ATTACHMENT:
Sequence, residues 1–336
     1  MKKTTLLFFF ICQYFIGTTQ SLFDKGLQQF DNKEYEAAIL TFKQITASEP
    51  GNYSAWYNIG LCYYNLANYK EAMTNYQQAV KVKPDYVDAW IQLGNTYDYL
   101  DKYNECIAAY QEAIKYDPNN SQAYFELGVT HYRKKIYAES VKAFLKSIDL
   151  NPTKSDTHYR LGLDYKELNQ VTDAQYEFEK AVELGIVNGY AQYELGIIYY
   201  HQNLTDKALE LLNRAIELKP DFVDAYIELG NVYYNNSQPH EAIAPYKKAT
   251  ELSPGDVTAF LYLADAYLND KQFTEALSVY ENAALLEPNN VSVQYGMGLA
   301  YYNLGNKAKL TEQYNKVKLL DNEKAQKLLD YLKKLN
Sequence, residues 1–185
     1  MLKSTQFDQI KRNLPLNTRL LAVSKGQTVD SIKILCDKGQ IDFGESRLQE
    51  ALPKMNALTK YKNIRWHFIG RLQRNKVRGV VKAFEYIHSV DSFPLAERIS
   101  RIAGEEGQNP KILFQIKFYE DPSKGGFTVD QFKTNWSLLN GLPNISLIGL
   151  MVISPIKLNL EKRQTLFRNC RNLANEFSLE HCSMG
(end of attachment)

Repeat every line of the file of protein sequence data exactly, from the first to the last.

Sequence, residues 1–336
     1  MKKTTLLFFF ICQYFIGTTQ SLFDKGLQQF DNKEYEAAIL TFKQITASEP
    51  GNYSAWYNIG LCYYNLANYK EAMTNYQQAV KVKPDYVDAW IQLGNTYDYL
   101  DKYNECIAAY QEAIKYDPNN SQAYFELGVT HYRKKIYAES VKAFLKSIDL
   151  NPTKSDTHYR LGLDYKELNQ VTDAQYEFEK AVELGIVNGY AQYELGIIYY
   201  HQNLTDKALE LLNRAIELKP DFVDAYIELG NVYYNNSQPH EAIAPYKKAT
   251  ELSPGDVTAF LYLADAYLND KQFTEALSVY ENAALLEPNN VSVQYGMGLA
   301  YYNLGNKAKL TEQYNKVKLL DNEKAQKLLD YLKKLN
Sequence, residues 1–185
     1  MLKSTQFDQI KRNLPLNTRL LAVSKGQTVD SIKILCDKGQ IDFGESRLQE
    51  ALPKMNALTK YKNIRWHFIG RLQRNKVRGV VKAFEYIHSV DSFPLAERIS
   101  RIAGEEGQNP KILFQIKFYE DPSKGGFTVD QFKTNWSLLN GLPNISLIGL
   151  MVISPIKLNL EKRQTLFRNC RNLANEFSLE HCSMG